Rintaro Hara | Works
- Material: straw, motor, black light, fabric
- Year: 2015
- Place: Tsunan Information Center, Nigata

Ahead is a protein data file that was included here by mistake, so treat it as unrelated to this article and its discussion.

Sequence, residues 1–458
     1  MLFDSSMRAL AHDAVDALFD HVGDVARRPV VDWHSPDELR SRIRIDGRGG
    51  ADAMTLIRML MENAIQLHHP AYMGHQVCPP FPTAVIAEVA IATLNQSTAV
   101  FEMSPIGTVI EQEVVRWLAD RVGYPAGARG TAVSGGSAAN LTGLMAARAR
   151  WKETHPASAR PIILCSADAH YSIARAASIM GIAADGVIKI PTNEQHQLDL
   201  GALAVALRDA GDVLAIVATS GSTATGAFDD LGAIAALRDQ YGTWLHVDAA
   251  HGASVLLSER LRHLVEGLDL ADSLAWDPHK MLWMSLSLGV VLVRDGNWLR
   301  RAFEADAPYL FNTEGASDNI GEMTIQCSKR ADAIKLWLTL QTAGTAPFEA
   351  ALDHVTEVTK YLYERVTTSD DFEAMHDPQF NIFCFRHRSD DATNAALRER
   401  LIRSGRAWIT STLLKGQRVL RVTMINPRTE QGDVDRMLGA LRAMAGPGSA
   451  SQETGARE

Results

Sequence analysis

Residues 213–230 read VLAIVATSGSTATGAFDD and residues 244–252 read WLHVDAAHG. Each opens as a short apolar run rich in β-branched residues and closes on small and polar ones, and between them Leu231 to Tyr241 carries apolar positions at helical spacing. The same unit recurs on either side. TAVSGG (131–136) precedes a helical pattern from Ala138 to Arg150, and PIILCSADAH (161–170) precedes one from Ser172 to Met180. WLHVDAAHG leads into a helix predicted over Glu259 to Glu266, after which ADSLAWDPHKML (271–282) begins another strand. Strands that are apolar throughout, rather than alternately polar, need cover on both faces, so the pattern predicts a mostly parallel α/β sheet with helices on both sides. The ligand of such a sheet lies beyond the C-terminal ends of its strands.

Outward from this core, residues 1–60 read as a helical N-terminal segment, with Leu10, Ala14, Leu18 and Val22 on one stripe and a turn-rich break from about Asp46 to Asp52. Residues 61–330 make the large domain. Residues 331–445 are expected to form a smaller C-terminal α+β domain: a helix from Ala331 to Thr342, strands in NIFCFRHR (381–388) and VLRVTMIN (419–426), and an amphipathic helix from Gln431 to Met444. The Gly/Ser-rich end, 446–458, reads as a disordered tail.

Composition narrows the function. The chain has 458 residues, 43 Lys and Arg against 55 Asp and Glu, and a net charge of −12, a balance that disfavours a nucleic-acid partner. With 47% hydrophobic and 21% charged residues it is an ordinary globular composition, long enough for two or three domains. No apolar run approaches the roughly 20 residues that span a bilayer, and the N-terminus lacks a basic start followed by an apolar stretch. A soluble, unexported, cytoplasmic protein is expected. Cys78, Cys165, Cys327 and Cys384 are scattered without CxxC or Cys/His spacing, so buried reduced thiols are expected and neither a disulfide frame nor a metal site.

Himmeli are traditional Finnish ornaments where a polyhedron is produced by combining straws and thread, and are also known as light mobiles. In this work, by focusing on and applying motive power to the polyhedron frame structures of which the himmeli are composed, an installation is developed where it appears as though wireframe computer graphics have entered a real space. Drinking straws coated with fluorescent paint of various colors are used as the materials, and these are tied together with thread to produce polyhedron forms. Multiple aluminum bars are hung from the ceiling, with the end of each bar attached to a himmeli and a motor, with spinning, revolution and up-down motion performed repeatedly. Also, by setting the whole room in total darkness and turning on black lights, it appears as though only the drinking straw parts are floating in the air. In our visual perception of the world in everyday life, we arguably spend more time looking at images and videos through digital particles based on pixel conversion than we spend looking directly at real images. The audience experiencing “Himmeli-Reflection” floating in the darkness might feel at first glance as though they are seeing projected 3D computer graphics. However, as their sense of sight and hearing adapts to the space, faint motor sounds and changes in sense of distance from the objects will gradually change the audience’s awareness to realize that these are actual existing objects rather than projections. By expressing changes of perception that occur while appreciating this installation, the audience will begin to question whether events and phenomena that are ordinarily accepted without doubt and recognized are in fact real or not. In a broad sense, I believe this shows that interactive art can acquire interactivity from more of a meta perspective by virtue of diverse relationships between the audience and the work, without necessarily having to incorporate programming.